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  • Larry Page Thinks You’ll Only Work Part-Time for Our Robot Overlords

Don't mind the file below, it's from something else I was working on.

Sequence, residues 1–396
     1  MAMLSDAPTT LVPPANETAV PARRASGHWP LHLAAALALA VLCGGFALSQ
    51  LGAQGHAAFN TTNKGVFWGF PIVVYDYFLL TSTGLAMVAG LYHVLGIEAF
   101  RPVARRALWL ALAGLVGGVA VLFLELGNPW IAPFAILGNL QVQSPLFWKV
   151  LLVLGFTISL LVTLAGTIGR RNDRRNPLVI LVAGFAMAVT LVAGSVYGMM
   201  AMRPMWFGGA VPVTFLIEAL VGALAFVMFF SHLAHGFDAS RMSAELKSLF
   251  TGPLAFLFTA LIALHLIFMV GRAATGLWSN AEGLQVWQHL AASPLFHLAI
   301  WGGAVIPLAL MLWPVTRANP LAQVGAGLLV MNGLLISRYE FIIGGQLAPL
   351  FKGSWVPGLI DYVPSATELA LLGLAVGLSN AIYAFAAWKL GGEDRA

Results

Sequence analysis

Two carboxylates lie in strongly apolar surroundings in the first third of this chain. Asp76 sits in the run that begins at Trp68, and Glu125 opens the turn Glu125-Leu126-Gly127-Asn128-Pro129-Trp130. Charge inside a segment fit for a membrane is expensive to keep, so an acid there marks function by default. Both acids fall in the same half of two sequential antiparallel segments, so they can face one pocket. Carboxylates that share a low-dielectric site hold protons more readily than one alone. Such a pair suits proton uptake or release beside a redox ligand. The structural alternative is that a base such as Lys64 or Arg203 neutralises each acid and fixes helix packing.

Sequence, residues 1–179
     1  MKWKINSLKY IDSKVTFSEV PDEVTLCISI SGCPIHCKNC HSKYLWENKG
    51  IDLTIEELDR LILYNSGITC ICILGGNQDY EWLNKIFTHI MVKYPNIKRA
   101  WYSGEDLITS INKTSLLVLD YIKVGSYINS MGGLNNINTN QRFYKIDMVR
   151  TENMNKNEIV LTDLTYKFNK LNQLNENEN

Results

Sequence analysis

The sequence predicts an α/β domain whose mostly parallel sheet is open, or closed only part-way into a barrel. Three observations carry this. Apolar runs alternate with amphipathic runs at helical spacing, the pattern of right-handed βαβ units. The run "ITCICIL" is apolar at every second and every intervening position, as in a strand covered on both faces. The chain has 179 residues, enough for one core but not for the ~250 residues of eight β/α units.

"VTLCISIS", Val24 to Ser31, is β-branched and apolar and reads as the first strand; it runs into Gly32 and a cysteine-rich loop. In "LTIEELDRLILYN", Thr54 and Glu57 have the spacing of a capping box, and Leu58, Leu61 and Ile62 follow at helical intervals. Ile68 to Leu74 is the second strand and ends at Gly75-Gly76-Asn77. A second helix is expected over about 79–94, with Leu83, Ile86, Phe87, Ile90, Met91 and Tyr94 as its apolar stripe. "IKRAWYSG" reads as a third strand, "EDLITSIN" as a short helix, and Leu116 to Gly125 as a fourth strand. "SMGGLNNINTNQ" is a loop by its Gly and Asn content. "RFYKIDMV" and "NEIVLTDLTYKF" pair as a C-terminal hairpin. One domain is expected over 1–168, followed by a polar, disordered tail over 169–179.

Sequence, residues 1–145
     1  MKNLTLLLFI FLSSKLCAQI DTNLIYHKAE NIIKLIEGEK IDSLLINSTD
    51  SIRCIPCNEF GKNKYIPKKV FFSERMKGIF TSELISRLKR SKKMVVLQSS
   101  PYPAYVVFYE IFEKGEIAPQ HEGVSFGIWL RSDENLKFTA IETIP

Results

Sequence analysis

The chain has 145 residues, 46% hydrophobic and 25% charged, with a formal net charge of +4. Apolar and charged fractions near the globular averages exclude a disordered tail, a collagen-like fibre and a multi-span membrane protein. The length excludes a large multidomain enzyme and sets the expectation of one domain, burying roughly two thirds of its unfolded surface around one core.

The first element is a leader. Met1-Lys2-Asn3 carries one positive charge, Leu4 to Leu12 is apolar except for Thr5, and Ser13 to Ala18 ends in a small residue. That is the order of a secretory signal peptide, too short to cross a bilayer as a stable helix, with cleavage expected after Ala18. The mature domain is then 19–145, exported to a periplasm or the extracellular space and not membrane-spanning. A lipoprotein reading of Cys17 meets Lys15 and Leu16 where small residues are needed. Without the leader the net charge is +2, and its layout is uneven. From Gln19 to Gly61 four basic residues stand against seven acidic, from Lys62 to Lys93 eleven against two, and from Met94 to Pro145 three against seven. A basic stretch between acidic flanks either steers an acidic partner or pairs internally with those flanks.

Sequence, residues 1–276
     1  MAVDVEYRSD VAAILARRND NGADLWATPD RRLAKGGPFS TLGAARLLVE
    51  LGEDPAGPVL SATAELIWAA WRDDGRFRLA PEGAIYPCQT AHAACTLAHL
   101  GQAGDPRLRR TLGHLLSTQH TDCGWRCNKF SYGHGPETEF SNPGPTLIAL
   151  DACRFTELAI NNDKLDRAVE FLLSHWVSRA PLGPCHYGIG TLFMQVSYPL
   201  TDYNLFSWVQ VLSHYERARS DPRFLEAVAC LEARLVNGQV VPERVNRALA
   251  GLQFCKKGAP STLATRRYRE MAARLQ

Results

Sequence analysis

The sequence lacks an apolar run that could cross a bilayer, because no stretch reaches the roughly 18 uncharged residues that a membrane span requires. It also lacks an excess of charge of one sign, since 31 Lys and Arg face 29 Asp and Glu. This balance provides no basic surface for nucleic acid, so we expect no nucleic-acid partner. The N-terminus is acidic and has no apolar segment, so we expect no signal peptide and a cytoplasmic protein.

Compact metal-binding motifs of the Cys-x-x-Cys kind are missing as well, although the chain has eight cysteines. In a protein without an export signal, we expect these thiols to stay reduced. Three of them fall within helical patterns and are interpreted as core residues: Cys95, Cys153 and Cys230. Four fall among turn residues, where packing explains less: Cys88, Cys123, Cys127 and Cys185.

Google co-founders Larry Page and Sergey Brin rarely sit down together for a joint interview, but venture capitalist Vinod Khosla managed to get them both onstage for nearly an hour last week. It was not an occasion for small ideas, with the pair discussing everything from healthcare and search to machine learning and the need for companies to tackle massive problems. (A complete transcript is available, as is video .) In contrast with most other tech companies, which choose to focus on a few core products, Google remains unafraid to spend resources on multiple avenues of research, even if that opens the firm up to accusations that its operations are spread too thin. During the interview, Page suggested that Google knows its limits, and that many of its diverse products eventually end up integrated in some fashion. “I think it sounds stupid if you have this big company, and you can only do five things,” he said. “I think it’s also not very good for the employees.” Click here for Google-related jobs. Page believes that technology has the ability to radically change society’s current structure, as it’s reduced the work and resources necessary to provide housing, security, food and opportunity to vast swaths of the population: “The idea that everyone needs to work frantically to meet people’s needs is just not true. I do think there’s a problem that we don’t recognize that.” And even if resources were distributed in a way that met the population’s needs, he added, people would still want to work, if only to feel needed and productive. His solution—a bit muddled in the telling—involves somehow recalibrating resources to more evenly serve society, while reducing the number of hours that individual employees work so that everybody can get a job, even a part-time one: “Most people like working, but they’d also like to have more time with their family or to pursue their own interests. So that would be one way to deal with the problem, is if you had a coordinated way to just reduce the workweek. And then, if you add slightly less employment, you can adjust and people will still have jobs.” It’s questionable, of course, whether society would accept the idea of chopping up full-time jobs into itty-bitty ones, just so more people would have something to do, but Page isn’t one for accepting the current paradigm. After all, this is a man who not only helped build the world’s most successful online search engine (and the advertising platform that pays for it), but whose company is now exploring everything from drones and autonomous cars to smartphones that can understand commands spoken in natural language. Sergey Brin, who co-founded Google with Page, is likewise interested in “transformative” movements, whether the self-driving cars that he feels could radically alter how people move from Point A to B, or the high-altitude balloons that could serve the Internet to large segments of the developing world over the next few years. “We try to invest, at least, in the places where we see a good fit to our company,” he told the audience. “But that could be many, many bets, and only a few of them need to pay off.” Brin agrees with page that intelligent machines will gradually replace more and more roles traditionally assigned to humans, and sees that as a good thing. “We do have lots of proof points that one can create intelligent things in the world because—all of us around,” he said. “Therefore, you should presume that someday, we will be able to make machines that can reason, think and do things better than we can.” Some very smart people don’t agree with that rosy assessment of artificial intelligence. In a recent appearance on John Oliver’s HBO show , physicist Stephen Hawking suggested that a sufficiently intelligent robot could prove a “real danger in the not-too-distant future,” enacting plans beyond the will of its human creators. But at least our Robot Overlords might force us to work only 20 hours a week. Related Articles Google Exerting More Control Over Android Ecosystem Google I/O: Android ‘L’ Makes Its Debut Google Glass Tweaks Could Irritate Some Early Adopters Image: Khosla Ventures The post Larry Page Thinks You’ll Only Work Part-Time for Our Robot Overlords appeared first on Dice News .